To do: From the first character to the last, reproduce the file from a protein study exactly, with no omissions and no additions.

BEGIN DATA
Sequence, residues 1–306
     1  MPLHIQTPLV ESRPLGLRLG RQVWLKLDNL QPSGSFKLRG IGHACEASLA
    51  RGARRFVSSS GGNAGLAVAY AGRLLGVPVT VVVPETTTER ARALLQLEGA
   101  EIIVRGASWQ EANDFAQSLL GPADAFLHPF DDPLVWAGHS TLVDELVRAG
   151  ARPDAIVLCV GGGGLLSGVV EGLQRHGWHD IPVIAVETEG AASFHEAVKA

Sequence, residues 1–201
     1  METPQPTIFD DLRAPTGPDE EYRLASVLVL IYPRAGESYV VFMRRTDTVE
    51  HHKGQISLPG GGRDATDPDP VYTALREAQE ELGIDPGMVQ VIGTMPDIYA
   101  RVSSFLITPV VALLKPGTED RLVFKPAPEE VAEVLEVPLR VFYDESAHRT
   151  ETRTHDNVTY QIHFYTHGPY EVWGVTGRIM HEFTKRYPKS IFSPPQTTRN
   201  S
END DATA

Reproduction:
Sequence, residues 1–306
     1  MPLHIQTPLV ESRPLGLRLG RQVWLKLDNL QPSGSFKLRG IGHACEASLA
    51  RGARRFVSSS GGNAGLAVAY AGRLLGVPVT VVVPETTTER ARALLQLEGA
   101  EIIVRGASWQ EANDFAQSLL GPADAFLHPF DDPLVWAGHS TLVDELVRAG
   151  ARPDAIVLCV GGGGLLSGVV EGLQRHGWHD IPVIAVETEG AASFHEAVKA

Sequence, residues 1–201
     1  METPQPTIFD DLRAPTGPDE EYRLASVLVL IYPRAGESYV VFMRRTDTVE
    51  HHKGQISLPG GGRDATDPDP VYTALREAQE ELGIDPGMVQ VIGTMPDIYA
   101  RVSSFLITPV VALLKPGTED RLVFKPAPEE VAEVLEVPLR VFYDESAHRT
   151  ETRTHDNVTY QIHFYTHGPY EVWGVTGRIM HEFTKRYPKS IFSPPQTTRN
   201  S